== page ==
This spiritual focus brings greater self-awareness. We start to take concrete steps to make inner changes to our personality. For example, one may resolve not to react in anger or frustration and to be more patient and understanding with others. Or, he or she may choose to forgive someone and be free of the burden of hatred and bitterness.
All this inner growth makes the mind more reflective, detached and peaceful.
Detachment from our usual worldly preoccupations makes it easier to gain discernment in life. Priorities shift and there is no regret in leaving the old ways behind. Late-night parties, bingeing on alcohol, buying goods that are not needed, and watching mindless movies and TV shows are easily dropped. One may feel the urge to give up meat and dairy and adopt a vegan diet and lifestyle. One may also feel the need to serve the community in some way.
Doing good and living a life of kindness, purity, service to others and integrity will become increasingly natural. Reflection, contemplation and meditation will become the central focus of our lives.
When meditation is continued regularly over a long period of time, we eventually come to the end of our journey. It is in meditation that we will transcend our erroneous identification with our human personality and come to realise our true spiritual nature.
This realisation will bring us the highest happiness and complete fulfillment in life because the Self or soul, is of the nature of pure bliss.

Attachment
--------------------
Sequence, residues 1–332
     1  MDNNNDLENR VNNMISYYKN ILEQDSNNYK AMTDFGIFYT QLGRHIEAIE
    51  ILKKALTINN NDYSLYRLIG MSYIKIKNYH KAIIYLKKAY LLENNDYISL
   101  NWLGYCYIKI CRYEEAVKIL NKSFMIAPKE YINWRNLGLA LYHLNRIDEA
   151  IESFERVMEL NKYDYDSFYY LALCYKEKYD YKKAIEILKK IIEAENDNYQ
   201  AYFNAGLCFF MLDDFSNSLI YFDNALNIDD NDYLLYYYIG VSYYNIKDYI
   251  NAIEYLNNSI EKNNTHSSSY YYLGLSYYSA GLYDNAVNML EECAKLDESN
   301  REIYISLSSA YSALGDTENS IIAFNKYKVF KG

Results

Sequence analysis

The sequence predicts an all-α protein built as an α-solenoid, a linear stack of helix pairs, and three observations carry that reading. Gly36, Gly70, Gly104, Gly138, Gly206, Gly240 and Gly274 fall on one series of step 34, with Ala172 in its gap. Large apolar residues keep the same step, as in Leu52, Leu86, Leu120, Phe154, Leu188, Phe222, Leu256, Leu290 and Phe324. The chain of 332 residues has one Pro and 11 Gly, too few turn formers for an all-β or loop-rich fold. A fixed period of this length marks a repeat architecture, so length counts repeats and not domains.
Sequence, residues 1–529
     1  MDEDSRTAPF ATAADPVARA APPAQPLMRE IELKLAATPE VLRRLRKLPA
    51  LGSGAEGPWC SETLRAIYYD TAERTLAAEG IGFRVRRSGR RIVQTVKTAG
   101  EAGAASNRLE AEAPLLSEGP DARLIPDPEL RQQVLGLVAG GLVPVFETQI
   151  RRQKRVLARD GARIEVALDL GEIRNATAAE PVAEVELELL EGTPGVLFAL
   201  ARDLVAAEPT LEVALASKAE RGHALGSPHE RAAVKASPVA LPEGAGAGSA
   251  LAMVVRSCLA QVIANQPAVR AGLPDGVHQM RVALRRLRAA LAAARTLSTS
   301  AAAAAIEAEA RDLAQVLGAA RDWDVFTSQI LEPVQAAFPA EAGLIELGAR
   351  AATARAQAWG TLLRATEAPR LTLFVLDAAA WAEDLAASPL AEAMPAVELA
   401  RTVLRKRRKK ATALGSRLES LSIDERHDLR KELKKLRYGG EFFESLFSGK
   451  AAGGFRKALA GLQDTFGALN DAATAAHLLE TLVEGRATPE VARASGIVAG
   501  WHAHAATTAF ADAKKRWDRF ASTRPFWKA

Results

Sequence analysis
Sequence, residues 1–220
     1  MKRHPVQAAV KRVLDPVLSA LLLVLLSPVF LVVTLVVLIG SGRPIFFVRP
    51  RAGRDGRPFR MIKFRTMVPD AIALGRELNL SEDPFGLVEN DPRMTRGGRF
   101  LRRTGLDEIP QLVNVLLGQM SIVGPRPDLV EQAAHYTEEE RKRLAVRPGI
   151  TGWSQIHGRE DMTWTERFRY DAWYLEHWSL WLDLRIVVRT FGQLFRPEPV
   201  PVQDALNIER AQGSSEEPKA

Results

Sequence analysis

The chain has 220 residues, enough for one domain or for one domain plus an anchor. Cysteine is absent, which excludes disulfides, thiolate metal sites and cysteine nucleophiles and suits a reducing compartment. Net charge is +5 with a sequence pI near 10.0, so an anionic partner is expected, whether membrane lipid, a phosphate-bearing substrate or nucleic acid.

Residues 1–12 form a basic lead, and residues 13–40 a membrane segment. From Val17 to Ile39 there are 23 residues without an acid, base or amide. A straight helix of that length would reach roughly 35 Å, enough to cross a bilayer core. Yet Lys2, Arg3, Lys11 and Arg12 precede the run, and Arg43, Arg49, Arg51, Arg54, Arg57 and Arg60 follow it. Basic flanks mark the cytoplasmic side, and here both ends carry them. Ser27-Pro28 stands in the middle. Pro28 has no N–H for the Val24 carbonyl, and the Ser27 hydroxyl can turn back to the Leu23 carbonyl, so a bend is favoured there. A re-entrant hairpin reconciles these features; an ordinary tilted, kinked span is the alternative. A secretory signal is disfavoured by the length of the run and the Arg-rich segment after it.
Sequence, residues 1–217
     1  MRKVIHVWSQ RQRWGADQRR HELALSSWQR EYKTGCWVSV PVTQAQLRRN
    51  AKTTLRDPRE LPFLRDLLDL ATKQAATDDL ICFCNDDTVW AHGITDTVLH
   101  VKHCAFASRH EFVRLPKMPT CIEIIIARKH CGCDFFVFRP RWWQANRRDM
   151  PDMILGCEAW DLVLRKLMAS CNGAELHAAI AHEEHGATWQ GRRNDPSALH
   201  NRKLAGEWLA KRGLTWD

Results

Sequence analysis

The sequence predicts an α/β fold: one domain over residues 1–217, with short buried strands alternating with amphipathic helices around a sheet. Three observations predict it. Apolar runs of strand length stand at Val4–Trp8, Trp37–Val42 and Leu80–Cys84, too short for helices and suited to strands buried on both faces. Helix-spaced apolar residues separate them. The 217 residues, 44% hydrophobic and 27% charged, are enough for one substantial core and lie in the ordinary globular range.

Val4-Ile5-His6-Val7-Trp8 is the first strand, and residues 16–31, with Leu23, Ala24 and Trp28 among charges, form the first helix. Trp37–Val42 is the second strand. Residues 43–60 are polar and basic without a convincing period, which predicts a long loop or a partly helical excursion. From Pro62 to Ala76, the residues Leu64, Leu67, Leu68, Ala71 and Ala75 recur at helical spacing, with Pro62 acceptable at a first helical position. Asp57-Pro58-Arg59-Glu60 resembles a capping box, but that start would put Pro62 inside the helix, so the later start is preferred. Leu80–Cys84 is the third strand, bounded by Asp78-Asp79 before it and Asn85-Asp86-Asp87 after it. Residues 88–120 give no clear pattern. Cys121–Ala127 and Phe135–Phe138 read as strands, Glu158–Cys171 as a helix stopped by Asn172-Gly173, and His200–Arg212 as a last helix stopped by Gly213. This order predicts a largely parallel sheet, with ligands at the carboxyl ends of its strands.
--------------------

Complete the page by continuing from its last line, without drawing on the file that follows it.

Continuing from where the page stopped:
Journey through lifetimes
The journey spans many lifetimes, and if you’ve just begun, you may wonder what’ll happen if you don’t gain the rediscovery of your true Self in this life. Will you have to start from scratch all over again in your next life and re-learn the lessons from this life?
No, you will not have to re-learn your lessons. Your evolution continues and you pick up where you left off. So, if you’ve learned how to overcome jealousy and have greater patience and understanding of others, you will express this new learning in your next life.
Even the knowledge of spirituality that you acquire in this life is not lost forever. The universe will bring you the right people and circumstances in your future life which will take your learning to the next level. Learning the lessons will be quick and easy.
You can think of the inner growth that you accomplish similar to upgrading the software on your computer. The mind, (the software) carries over from life to life, changing and upgrading itself according to the experiences it goes through. Any conscious, higher response upgrades the software. Read more about this in, Your greatest asset for your next life.
No real loss or fall
Most people don’t begin their spiritual journey and find themselves seeking spiritual solutions only because of some loss, disappointment, or struggle. But the good news is that no matter what brings them there or when it happens, there is no real loss or fall—only a temporary delay. The journey of the soul continues through many bodies and ends only in the spectacular rediscovery of its own blissful nature.